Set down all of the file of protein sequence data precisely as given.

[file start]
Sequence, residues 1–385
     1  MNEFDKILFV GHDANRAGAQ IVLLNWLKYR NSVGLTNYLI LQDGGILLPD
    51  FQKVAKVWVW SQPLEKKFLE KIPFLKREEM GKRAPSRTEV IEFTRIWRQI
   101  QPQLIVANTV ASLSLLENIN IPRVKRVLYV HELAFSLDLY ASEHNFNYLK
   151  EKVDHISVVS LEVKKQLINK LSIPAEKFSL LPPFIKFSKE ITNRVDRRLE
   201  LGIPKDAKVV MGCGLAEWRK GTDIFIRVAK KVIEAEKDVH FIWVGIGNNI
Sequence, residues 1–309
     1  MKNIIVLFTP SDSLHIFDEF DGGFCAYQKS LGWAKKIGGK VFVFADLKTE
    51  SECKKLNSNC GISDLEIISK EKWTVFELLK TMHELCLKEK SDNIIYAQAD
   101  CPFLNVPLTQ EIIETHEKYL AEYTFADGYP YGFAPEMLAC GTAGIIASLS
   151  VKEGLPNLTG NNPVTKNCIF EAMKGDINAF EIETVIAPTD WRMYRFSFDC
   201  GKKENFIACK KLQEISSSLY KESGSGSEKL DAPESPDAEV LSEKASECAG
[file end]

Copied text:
Sequence, residues 1–385
     1  MNEFDKILFV GHDANRAGAQ IVLLNWLKYR NSVGLTNYLI LQDGGILLPD
    51  FQKVAKVWVW SQPLEKKFLE KIPFLKREEM GKRAPSRTEV IEFTRIWRQI
   101  QPQLIVANTV ASLSLLENIN IPRVKRVLYV HELAFSLDLY ASEHNFNYLK
   151  EKVDHISVVS LEVKKQLINK LSIPAEKFSL LPPFIKFSKE ITNRVDRRLE
   201  LGIPKDAKVV MGCGLAEWRK GTDIFIRVAK KVIEAEKDVH FIWVGIGNNI
Sequence, residues 1–309
     1  MKNIIVLFTP SDSLHIFDEF DGGFCAYQKS LGWAKKIGGK VFVFADLKTE
    51  SECKKLNSNC GISDLEIISK EKWTVFELLK TMHELCLKEK SDNIIYAQAD
   101  CPFLNVPLTQ EIIETHEKYL AEYTFADGYP YGFAPEMLAC GTAGIIASLS
   151  VKEGLPNLTG NNPVTKNCIF EAMKGDINAF EIETVIAPTD WRMYRFSFDC
   201  GKKENFIACK KLQEISSSLY KESGSGSEKL DAPESPDAEV LSEKASECAG